Pay Transparency Requirements Expanded Under Amended D.C. Law
Washington, D.C., is set to implement amendments to the DC Wage Transparency Act of 2014. The amendments bring significant changes to pay transparency and wage history practices for covered employers.
Washington, D.C., is set to implement amendments to the DC Wage Transparency Act of 2014 with the recent signing of legislation by Mayor Muriel Bowser on January 12. The amendments, scheduled to go into effect on June 30, 2024, pending Congressional approval, bring significant changes to pay transparency and wage history practices for covered employers.
Washington DC’s Wage Transparency Omnibus Amendment Act of 2023, mandates that covered employers disclose pay ranges in all job postings and advertisements. This includes providing the minimum and maximum projected salary or hourly pay, with a requirement that the employer believes, in good faith, that they would offer this pay at the time of posting. Additionally, employers must now disclose the existence of other benefits, such as healthcare and bonuses, to prospective employees before the first interview. While these benefits do not need to be included in the job posting, employers must communicate them to candidates. Employers must share pay range and benefit information with prospective employees upon request.
The amendments expand protections regarding pay history, prohibiting employers from screening prospective employees based on wage history. Employers are also barred from requesting wage history from a candidate’s prior employer. Discussions of “compensation,” defined broadly as all forms of “monetary and non-monetary benefits” provided to an employee, are now protected. As a result, employees are free to discuss all forms of pay and benefits with each other. Employers may not retaliate against employees making compensation inquiries.
Employers must post a notice in a conspicuous place where employees gather, informing them of their rights under the Wage Transparency Omnibus Amendment Act of 2023. While the text of the notice has not been published, it should generally include the Act’s rights to discuss, inquire about, or compare wages without fear of retaliation.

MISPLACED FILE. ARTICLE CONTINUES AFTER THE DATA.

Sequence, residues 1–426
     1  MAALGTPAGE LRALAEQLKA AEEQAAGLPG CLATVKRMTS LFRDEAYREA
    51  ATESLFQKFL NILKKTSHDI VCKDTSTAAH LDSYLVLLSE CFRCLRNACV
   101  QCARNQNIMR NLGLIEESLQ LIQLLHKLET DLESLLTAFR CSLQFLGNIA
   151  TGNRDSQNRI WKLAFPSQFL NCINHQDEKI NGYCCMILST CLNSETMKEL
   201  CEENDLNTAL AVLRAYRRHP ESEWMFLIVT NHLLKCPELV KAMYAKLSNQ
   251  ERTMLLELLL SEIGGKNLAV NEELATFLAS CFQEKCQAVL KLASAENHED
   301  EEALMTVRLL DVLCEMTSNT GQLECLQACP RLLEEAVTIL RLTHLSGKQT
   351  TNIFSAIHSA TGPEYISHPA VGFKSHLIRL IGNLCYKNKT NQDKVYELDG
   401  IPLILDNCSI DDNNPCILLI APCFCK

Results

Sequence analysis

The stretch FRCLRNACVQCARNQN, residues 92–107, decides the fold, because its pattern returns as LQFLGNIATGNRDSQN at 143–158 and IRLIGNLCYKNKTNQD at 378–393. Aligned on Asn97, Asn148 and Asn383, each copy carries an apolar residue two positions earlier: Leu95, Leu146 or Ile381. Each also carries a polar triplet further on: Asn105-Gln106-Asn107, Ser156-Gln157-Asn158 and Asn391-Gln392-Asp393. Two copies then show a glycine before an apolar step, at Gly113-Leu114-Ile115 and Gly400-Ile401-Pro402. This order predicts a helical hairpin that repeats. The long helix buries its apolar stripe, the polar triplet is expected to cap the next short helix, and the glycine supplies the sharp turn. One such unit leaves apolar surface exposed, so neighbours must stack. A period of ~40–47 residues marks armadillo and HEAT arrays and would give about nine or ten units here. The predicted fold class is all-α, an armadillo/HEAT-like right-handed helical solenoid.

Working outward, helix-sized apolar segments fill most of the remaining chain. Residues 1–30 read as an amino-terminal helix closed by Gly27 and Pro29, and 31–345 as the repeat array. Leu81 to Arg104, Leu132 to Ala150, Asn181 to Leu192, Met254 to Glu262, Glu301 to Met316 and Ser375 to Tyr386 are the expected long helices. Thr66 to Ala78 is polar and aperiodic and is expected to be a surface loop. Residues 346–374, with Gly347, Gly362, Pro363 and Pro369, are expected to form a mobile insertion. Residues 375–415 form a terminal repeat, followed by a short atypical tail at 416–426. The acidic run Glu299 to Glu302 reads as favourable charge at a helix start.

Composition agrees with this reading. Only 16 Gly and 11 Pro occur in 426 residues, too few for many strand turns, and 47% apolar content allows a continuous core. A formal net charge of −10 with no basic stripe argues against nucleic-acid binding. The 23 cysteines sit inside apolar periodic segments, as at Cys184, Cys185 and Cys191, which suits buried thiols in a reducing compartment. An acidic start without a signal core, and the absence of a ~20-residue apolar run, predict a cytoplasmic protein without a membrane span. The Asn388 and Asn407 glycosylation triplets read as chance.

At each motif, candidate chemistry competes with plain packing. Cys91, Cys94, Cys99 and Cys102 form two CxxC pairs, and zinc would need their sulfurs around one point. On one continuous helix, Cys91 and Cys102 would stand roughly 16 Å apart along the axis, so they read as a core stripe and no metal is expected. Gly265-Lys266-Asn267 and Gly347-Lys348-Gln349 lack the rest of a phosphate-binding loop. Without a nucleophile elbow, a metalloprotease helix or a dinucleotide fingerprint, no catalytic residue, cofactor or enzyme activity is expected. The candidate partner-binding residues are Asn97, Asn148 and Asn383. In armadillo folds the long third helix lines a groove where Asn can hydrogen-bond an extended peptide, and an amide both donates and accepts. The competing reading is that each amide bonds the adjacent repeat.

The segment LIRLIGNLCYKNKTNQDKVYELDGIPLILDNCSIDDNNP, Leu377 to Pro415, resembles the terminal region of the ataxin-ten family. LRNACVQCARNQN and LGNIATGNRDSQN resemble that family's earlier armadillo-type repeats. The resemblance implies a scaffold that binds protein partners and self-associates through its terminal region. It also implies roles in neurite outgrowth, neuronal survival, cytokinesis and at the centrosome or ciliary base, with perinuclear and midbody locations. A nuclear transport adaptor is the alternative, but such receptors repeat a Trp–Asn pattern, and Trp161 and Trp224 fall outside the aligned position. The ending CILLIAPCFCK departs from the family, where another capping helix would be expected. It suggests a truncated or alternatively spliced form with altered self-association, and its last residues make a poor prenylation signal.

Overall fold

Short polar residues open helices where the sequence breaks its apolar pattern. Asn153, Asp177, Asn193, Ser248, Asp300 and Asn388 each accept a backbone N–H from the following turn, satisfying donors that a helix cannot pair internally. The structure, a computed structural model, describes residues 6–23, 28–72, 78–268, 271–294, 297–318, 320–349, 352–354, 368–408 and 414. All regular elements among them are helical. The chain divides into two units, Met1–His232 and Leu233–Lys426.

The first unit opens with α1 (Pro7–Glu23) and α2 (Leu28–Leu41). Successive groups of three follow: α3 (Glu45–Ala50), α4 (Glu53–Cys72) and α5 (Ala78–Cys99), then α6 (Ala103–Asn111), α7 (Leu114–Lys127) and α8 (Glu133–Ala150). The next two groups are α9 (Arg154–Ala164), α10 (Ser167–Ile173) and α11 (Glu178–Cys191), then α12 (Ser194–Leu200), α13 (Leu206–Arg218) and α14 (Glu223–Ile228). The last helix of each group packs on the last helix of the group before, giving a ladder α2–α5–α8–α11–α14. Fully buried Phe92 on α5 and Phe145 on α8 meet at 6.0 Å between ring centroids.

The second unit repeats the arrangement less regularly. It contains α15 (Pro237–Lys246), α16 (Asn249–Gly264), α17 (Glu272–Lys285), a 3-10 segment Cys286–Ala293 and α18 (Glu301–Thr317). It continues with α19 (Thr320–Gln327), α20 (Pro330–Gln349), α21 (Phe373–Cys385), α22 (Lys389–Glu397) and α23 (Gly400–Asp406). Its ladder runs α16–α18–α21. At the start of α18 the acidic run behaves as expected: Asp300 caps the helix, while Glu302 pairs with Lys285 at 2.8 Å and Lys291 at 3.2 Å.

The Act does not provide a private right of action. Therefore, an individual is not permitted to file a lawsuit alleging violations of the Act. However, the Office of the Attorney General is empowered to investigate violations, initiate civil actions against violators, and seek remedies for affected individuals or the public. Civil fines for violations range from $1,000 to $20,000 per occurrence.
Coverage for the Act applies to private employers in DC with 25 or more employees. It does not apply to employment with the District of Columbia or the federal government. Notably, the Act does not specify if it applies to positions that remote employees could fill.
Because Congress controls D.C.’s budget, it has authority over the District’s legislation. As a result, the Act is currently under the 30-day Congressional review period. If Congress approves or its review period expires, the law takes effect on June 30, 2024.
D.C. employers covered by the Act should review and update job postings, ensuring compliance with pay transparency requirements. Employers should also prepare to disclose benefit information and refrain from requesting historical pay information during the hiring process. Personnel involved in the hiring process should be trained in responding to pay and benefit inquiries. Employers should take proactive steps to comply with the new requirements and ensure a smooth transition as the law becomes effective.
Release Date: January 25, 2024
Alonzo Martinez is Associate General Counsel at HireRight. Mr. Martinez is responsible for monitoring and advising on key legislative and regulatory developments globally affecting HireRight’s service delivery. His work is focused on ensuring HireRight’s performance as a consumer reporting agency and data processor complies with relevant legal, regulatory, and data furnisher requirements. Mr. Martinez obtained his Juris Doctorate from the University of Colorado, and is licensed by the Supreme Court of the State of Colorado. He is a member of the Colorado Bar Association Employment Law Division, the Association of Corporate Counsel, and the Professional Background Screening Association.